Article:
So, the anti-war movement says the war in Iraq was wrong, that we never should have invaded. OK, fine. Let’s see how that plays out:
“OK, people, we’ve pretty much destroyed the Taliban in Afghanistan. We’ve conquered most of the country, killed thousands of the Taliban and Al Qaeda, the survivors are hiding in caves or running for the borders. That’s one trouble spot off the table. But there are a lot of other ones around the world, and if we pay too much attention to one, the others could blindside us. What are we gonna do about Iraq?”
“Mr. President, I think it’s pretty clear that sanctions and carefully measured responses against Saddam aren’t working. He’s got the “cheat and retreat” game down to a science, and he’s playing it like a master. We’ve assembled a ton of evidence he’s been using the ‘Oil For Food’ program to bribe officials of other nations to get them to ease up on the sanctions, and we have strong indicators he’s still developing WMDs. Further, we have clear proof that Saddam is supporting terrorism and terrorist groups around the world. We can’t tie him into 9/11 directly, but we have evidence connecting him with Al Qaeda, Hamas, Islamic Jihad, Hizbollah, and several other groups.”
“So, you’re saying we ought to invade Iraq next? Just take what Congress said in ’98 and put some muscle behind it?”
“That’s one idea, sir. But I think it might be a good time to steal an idea from ‘The Godfather’ — ‘keep your friends close, but your enemies closer.'”
“I’m not following you.”
“Saddam has a lot of information we could use, and we have something he desperately wants — the lifting of the sanctions. I think we ought to explore the possibilities.
And with that, Bush secretly sent an envoy to Iraq, with the following deal: if Saddam starts giving us information on the terrorists he’s been helping, we’ll agree to an easing of the UN sanctions. It’s a simple quid pro quo: the more and better intelligence he gives us, the more sanctions we agree to let ease. And if he’d like to take an active role in the fight, all the better.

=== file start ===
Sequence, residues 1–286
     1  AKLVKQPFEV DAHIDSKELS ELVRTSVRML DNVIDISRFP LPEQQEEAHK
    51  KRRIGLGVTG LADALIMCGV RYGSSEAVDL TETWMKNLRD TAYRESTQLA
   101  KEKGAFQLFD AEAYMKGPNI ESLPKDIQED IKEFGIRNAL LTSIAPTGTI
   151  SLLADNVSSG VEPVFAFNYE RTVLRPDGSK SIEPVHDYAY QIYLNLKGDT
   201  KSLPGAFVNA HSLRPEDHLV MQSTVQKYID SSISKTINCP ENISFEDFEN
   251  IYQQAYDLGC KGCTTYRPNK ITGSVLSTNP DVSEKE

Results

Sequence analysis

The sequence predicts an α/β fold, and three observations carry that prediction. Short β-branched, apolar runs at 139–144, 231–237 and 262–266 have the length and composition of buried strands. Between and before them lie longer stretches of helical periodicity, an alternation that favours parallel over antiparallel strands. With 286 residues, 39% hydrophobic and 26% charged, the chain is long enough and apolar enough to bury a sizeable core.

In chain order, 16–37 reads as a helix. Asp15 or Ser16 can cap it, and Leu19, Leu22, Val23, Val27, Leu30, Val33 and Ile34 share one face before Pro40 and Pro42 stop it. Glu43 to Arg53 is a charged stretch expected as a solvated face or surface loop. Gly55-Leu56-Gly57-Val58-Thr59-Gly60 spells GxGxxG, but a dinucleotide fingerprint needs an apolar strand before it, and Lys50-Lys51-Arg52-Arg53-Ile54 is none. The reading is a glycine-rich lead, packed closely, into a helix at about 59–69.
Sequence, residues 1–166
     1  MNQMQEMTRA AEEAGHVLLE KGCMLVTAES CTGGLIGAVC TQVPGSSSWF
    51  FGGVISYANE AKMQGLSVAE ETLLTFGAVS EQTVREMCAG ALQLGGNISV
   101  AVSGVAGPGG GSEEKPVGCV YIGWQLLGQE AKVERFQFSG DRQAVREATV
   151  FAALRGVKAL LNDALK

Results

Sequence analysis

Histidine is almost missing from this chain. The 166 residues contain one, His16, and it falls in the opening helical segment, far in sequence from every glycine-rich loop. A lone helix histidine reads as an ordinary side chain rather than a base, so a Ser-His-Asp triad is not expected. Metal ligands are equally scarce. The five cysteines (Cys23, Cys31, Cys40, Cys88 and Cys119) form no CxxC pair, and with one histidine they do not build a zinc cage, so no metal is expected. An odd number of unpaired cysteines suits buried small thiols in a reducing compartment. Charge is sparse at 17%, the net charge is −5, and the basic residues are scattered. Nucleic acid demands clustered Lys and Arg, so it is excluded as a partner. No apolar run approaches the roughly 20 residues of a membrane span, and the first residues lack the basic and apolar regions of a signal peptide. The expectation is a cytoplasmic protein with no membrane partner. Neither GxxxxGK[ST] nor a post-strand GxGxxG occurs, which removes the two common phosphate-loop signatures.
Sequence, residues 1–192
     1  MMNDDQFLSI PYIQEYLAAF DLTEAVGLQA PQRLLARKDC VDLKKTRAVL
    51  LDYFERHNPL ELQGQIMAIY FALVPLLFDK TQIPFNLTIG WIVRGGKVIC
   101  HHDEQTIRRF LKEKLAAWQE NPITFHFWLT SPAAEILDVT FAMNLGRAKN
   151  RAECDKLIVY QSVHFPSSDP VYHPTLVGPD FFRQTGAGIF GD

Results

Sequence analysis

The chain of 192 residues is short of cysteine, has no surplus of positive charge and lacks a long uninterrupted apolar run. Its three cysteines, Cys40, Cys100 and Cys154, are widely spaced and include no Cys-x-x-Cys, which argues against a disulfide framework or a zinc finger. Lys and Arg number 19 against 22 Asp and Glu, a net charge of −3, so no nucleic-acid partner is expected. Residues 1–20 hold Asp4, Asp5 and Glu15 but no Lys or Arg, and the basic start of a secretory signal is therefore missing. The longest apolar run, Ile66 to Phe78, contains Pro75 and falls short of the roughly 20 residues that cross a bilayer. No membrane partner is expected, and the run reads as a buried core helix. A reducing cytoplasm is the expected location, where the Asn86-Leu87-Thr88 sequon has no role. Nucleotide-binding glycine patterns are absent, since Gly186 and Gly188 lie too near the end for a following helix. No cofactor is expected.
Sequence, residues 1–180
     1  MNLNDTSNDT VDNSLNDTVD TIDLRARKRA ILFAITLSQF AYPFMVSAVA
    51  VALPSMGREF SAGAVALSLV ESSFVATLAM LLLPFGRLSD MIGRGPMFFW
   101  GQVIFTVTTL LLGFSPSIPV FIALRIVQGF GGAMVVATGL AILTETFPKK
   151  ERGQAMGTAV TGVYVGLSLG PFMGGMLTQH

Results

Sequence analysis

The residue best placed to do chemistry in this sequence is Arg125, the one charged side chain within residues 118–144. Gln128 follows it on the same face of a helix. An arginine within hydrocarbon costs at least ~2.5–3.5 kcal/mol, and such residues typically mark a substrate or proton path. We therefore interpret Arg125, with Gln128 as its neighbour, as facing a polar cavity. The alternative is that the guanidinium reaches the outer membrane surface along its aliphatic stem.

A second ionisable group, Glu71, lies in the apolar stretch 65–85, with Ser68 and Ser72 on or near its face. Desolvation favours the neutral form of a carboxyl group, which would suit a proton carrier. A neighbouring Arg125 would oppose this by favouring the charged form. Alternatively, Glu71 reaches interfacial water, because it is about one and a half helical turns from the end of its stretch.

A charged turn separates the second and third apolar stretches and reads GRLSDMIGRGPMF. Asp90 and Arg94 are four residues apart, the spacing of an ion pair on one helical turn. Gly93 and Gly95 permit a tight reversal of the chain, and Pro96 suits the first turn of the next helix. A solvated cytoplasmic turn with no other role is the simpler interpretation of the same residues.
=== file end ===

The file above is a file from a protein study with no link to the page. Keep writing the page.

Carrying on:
We make it clear that we won’t be compromising on the inspections issues, but do give assurances that as long as he’s helping us, he needn’t fear facing an invasion from Iran alone — one of his biggest worries. At the first signs of trouble, we’ll let the Iranians know that any such moves will be dealt with most harshly.
Saddam, seeing the opportunities, agrees. He gives us some low-level information at first, testing the waters. In response, we lower some objections to easing some of the sanctions. And things progress from there, with Saddam giving us more and more important information, and the US relenting on more and more sanctions.
But then, as is inevitable, word starts leaking out that we have a “deal” with Saddam. And the Democrats, seeing the upcoming presidential campaign, leap on to the rumors with both feet.
Ted Kennedy takes to the floor of the Senate. “Nearly twenty years ago, a previous Republican administration also cut a deal with our enemies in the Middle East behind Congress’ back, in direct violation of existing laws, and paid the price for it. Now this administration is deliberately ignoring the Iraqi Freedom Act of 1998, which called for the removal of Saddam Hussein, and instead is supporting his continued reign of terror over the Iraqi people.”
Meanwhile, Saddam is seeing other possibilities. He fabricates evidence tying some of his rivals and potential enemies with Al Qaeda, and has them arrested and executed as “terrorists.”
Congress sees this, and Democrats immediately call for investigations into the whole “deal” with Saddam. They point to his long history of supporting terrorism, and accuse the Bush administration of resurrecting the old Cold War policy of coddling dictators who play ball with us, under the old “he’s an SOB, but he’s our SOB” standard that led us to back some truly repugnant tyrants who were at least nominally anti-communist. Talk of impeachment starts circulating. The Bush advisors who pushed the Saddam initiative resign, but face
Meanwhile, at the UN, the revelation that the US has been agreeing to the easing of sanctions for its own reasons causes a bit of a stir. The reactionary anti-American factions want a full investigation to properly embarass the US, while those who also took Saddam’s bribes want the whole matter to just quietly go away.
And as we head into the 2004 presidential campaign, we find President Bush gravely weakened, the Democrats with a serious issue on their side, and the whole nation generally disgusted with the whole war on terror.
While the US government wrestles itself over whether or not it should have tried to co-opt Saddam, Al Qaeda manages to regroup and starts planning its next move. And other terrorists see how the US has turned its war into a tar-baby that we can’t seem to extricate ourselves from, and we find ourselves flailing helplessly.